View: 124
Download
This book provides a pragmatic analysis of presidential language. Pragmatics is concerned with "meaning in context," or the relationship between what we say and what we mean. John Wilson explores the various ways in which U.S. Presidents have used language within specific social contexts to achieve specific objectives. This includes obfuscation, misdirection, the use of metaphor or ambiguity, or in some cases simply lying. He focuses on six presidents: John F. Kennedy, Richard M. Nixon, Ronald W. Reagan, William F. Clinton, George W. Bush, and Barack H. Obama. These presidents cover most of the last half of the twentieth century, and the first decade of the twenty first century, and each has been associated with a specific linguistic quality. John F. Kennedy was famed for his quality of oratory, Nixon for his manipulative use of language, Reagan for his gift of telling stories, Clinton for his ability to engage the public and to linguistically turn arguments and descriptions in particular directions. Bush, on the other hand, was famed for his inability to use language appropriately, and Obama returns us to the rhetorical flourishes of early Kennedy. In the case of each president, a range of specific examples are explored in order to highlight the ways in which a pragmatic analysis may provide an insight into presidential language. In many cases, what the president says is not necessarily what the president means.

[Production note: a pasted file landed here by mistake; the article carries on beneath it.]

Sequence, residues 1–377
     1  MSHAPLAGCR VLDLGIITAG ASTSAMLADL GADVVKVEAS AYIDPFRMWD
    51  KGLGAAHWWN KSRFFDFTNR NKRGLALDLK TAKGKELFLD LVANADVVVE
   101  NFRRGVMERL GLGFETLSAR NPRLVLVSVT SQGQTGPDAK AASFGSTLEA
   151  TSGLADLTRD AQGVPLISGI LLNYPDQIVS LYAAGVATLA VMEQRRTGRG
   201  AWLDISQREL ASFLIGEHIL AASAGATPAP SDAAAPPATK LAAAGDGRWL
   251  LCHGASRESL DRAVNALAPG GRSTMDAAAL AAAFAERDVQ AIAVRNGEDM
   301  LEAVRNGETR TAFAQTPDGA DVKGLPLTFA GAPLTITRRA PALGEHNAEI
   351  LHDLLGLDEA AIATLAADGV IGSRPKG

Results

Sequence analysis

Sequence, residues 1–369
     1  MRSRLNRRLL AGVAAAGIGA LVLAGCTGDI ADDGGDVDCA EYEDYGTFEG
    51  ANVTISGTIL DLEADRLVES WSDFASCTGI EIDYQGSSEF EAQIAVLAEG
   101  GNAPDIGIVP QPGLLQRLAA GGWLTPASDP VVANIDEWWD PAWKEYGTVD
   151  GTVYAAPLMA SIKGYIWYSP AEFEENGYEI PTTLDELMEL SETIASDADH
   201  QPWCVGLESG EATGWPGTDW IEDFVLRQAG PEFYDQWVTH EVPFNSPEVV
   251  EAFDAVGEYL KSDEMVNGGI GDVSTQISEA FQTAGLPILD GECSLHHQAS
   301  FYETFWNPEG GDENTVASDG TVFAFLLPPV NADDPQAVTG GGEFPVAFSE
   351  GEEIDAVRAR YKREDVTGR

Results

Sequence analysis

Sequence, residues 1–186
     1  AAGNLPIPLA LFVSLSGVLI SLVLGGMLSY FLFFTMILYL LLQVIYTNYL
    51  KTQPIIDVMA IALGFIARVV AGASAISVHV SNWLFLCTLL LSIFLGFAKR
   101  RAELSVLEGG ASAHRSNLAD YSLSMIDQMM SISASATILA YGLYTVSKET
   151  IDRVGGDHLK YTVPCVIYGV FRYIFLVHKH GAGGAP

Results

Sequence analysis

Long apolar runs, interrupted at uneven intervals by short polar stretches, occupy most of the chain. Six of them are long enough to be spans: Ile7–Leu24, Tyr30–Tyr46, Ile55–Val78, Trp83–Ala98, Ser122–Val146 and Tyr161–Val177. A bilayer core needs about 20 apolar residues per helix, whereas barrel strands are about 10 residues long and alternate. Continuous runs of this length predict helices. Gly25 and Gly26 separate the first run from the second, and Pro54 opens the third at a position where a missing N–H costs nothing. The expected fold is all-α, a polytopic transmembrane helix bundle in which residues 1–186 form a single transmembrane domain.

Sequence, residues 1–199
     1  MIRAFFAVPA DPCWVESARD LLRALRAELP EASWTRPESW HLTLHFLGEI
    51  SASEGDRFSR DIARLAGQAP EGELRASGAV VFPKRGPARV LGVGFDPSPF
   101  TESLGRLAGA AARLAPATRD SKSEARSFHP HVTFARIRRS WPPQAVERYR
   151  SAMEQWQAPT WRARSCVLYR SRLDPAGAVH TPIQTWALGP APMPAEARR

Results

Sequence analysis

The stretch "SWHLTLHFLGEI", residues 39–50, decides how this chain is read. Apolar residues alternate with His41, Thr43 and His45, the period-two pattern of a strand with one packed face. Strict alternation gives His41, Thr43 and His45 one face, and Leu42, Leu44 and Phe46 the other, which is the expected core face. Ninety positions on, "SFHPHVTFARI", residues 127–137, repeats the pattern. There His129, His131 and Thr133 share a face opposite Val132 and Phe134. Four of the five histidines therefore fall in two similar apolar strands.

Rhetorical Studies Of National Political Debates 1960 1992

Author: Robert V. Friedenberg
Publisher: Praeger Publishers
ISBN: 9780275943394
Size: 56.39 MB
Format: PDF, Mobi
View: 1989
Download